The rest of us, meanwhile, exhausted, are looking optimistically for a compromise. Sound familiar? Have we been here before?

In Obama we’ve chosen a kind of struggle that will work only be degrees, slowly, gradually — yet not alter the state of affairs at all. Romney wanted to drastically change everything and place a perverse oligarchy at the helm. With Obama, we’ll fix a tire here, a spark plug there, a belt, a carburetor — but the fact that the system is fundamentally flawed is not going to be addressed. Remember: I told you so. And I’m telling you now.

On January 28, 2012, looking at this system keen on manufacturing illusion as its primary feature, I wrote “Vero Beach, Florida and the Manufacturing of Consciousness: How the GOP Will Give Obama a Victory in 2012“, and said :

Vero Beach is the American Paradox: the extraordinary cost of creating and maintaining such lavishness and the economic drain of a lifestyle that is characterized by total mechanization, as the pudgy elderly try to stave off the inevitable by walking and biking, their lives well kept by Latinos and some, very few, African Americans usually found behind counters at Publix markets, gas stations and sanitation trucks. The divide is the evolution of manifest destiny that has assumed a contemporary look and feel.

We can hear Karl Rove’s grandiosity; we can also see the denial of the changing face of the American electorate: younger, bolder, Latino, women, the LGBT community, and African Americans that are now looking for Obama, their president, to address their ills in more concrete ways then he did his first go ’round. Privilege is indeed blinding. The GOP never saw it coming.

But things have changed. And we have to help things change even further.

Robert Wolf, Obama’s top Wall Street ally, says that the rich can tolerate tax hikes. As reported by Andrew Rosenthal, in The New York Times, Bill Kristol, the stalwart conservative of the Weekly Standard, has endorsed raising taxes.

So immediately following the election — and the devastation from Sandy that brought so many together in a dramatic tableau of self-reliance — we have reason to, well, hope for change. But don’t get carried away. As Chris Hedges tells us in Empire of Illusion, our best and the brightest are educated, by our elite instutions, to be mechanics, not change agents — fix this or that, never changing the system; the status quo is accepted. It’s how we roll in America — and why we’re fat, too.

What do we have wrong? What do we have to change?

For me, this can only be done through education, a creative struggle with ideas, difficult ideas, challenging ideas that are, if they’re to be effective, questioning the status quo and offering alternatives. We need to work to transgress. We have to re-examine what we mean by “progress” and, likewise, we have to conflate our sense of it with what we “value”; in the journey, we have to look back and try to also define “virtue” and “virtuous action,” the keys to any foundation that is looking to move to new and better ways of living. These are the road to happiness.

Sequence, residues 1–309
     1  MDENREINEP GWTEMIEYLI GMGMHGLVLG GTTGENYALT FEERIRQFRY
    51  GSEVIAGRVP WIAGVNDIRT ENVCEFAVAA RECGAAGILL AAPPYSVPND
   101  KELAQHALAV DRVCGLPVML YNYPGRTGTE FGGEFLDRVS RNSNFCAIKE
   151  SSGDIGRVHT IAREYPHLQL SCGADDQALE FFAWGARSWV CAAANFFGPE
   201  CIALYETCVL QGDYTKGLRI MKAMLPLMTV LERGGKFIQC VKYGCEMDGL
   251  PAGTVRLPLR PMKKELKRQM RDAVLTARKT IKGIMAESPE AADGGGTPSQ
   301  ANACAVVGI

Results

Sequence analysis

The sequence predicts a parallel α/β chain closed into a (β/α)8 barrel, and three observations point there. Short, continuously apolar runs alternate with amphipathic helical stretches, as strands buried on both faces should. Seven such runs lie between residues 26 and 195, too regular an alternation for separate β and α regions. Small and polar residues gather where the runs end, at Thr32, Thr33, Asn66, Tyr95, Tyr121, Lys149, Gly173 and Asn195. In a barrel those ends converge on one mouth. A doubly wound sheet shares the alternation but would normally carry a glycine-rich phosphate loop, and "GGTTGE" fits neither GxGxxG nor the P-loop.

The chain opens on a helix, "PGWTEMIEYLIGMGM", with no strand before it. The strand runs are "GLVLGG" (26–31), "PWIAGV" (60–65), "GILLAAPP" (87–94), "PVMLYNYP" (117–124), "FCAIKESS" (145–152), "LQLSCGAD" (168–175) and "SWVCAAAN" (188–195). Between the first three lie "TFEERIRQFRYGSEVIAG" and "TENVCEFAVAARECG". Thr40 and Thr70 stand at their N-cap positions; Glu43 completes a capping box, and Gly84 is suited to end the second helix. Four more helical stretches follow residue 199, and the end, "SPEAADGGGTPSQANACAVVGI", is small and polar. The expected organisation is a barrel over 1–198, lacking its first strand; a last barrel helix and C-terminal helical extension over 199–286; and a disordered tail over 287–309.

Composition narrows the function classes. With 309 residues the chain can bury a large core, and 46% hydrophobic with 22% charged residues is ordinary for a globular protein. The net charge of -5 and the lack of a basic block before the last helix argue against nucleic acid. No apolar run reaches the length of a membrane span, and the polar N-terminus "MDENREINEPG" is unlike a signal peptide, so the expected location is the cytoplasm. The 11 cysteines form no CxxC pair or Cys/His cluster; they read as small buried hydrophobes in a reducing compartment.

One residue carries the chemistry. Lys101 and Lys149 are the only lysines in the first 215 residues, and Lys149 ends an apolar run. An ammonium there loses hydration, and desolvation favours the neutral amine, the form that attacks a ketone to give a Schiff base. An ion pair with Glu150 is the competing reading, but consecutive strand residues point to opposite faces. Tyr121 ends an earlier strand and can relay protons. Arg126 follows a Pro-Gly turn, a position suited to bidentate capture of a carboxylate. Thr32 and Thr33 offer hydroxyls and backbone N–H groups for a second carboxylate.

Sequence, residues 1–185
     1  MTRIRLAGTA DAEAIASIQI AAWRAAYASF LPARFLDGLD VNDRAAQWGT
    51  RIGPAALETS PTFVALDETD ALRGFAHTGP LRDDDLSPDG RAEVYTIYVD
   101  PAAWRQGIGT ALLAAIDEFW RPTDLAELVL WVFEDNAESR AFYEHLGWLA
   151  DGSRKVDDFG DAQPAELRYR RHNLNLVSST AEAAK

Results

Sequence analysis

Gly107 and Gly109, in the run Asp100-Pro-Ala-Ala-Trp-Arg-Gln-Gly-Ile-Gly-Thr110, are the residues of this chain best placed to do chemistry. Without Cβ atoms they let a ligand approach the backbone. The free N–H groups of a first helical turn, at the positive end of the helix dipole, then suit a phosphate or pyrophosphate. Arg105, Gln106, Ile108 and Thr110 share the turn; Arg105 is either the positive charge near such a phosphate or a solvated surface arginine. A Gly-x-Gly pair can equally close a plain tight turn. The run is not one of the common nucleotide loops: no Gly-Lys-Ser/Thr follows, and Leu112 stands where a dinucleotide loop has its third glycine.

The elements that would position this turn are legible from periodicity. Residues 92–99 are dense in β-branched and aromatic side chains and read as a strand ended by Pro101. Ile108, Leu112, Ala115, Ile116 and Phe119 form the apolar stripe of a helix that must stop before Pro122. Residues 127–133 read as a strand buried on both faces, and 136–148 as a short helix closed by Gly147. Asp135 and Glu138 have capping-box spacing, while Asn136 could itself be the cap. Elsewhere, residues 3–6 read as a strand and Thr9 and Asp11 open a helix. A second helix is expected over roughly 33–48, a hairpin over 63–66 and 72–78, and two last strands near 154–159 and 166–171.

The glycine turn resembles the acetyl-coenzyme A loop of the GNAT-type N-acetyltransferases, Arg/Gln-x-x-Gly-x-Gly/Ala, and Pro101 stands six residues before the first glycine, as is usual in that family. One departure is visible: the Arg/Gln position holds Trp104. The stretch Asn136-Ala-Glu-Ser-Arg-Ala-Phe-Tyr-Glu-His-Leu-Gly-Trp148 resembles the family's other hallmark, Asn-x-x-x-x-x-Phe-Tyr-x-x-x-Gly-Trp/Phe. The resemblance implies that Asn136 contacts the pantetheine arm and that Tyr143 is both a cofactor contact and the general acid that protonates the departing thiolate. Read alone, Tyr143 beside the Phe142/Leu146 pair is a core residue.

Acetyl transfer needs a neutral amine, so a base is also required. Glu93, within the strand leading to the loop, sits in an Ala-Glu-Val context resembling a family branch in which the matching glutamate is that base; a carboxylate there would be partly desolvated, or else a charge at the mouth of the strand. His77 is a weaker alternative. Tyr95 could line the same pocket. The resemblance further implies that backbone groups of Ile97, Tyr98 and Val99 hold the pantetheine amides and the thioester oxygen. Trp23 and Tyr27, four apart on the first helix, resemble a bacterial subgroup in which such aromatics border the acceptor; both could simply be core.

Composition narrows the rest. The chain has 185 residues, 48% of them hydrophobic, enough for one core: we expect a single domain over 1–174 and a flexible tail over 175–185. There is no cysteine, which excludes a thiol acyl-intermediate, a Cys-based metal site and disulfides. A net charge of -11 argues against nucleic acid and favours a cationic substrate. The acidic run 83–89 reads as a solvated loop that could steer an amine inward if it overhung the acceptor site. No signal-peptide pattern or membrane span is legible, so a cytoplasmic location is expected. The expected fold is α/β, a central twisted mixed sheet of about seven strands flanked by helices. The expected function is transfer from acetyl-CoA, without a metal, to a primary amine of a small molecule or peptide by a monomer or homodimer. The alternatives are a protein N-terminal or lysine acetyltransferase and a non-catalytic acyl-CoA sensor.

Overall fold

Handmaking America

So let’s turn to our socioeconomic challenges, first, since these are on everyone’s mind. Please run to your local bookstore and, whether you’re on the right or the left or somewhere in-between, pick up a copy of Bill Ivey’s Handmaking America: A Back-to-Basics Pathway to a Revitalized American Democracy. Read it. Then let’s have an educated discussion about who we want to be.

But if we’re going to do this, as Ivey says, we have to first accept that our values have been corrupted by consumption; this is why the constant affirmation of growth has lead us to a precipice — the so called fiscal cliff. (I can already hear the claims of “socialist”! from folks I know.) Here, listen:

Americans have been converted; we’ve internalized market values. We experience consuming as a liberating activity, strong enough to at times present the illusion of social rebellion. ‘Freedom’ is no longer a condition defined by the absence of debt and envy. Instead, modern-day advertising has transformed freedom into a central tenet of consumerist ideology.

This is called “Freedomism,” says Ivey: “the sentiment that allows buyers to somehow believe that the purchase of a new SUV is a ticket to the great outdoors, when the real effect is a hefty installment loan and the inevitable truth that to service the debt, one must work more hours, inside, at a desk.” Thus, “the transformation of every facet of human activity into marketable product in the end conflates money and meaning.”

We got to this place because we’ve been blind to the idiocy of growth, the notion that if we just expand, buy more, create more stuff, we’ll somehow buy our way out of our socioeconomic woes. In this world the Corporation is viewed as a positive “fixture of America’s democracy,” says Ivey. It happened gradually, but we accept the Corporate Ideological Apparatus and its insistence on the illusion of growth.

Grow where, though? How?

Look around: the earth’s resources are dwindling; we are being lead to believe that because we’ll be drilling our own fossil fuels, becoming less reliant on the Middle East for production, we’ll be better off. But here’s another I told you so: if you think that somehow this is going to change anything — price at the pump, price of heating oil, nurse the environment — you’re dreaming because, in the end, whether we drill, baby, here or there, this fossil resource is dwindling, too. It’s scarce any way we cut it. The costs, I tell you, will be higher. Watch.

The way to turn this around is in yet another source: Bill McKibben, my colleague and

Deep Economy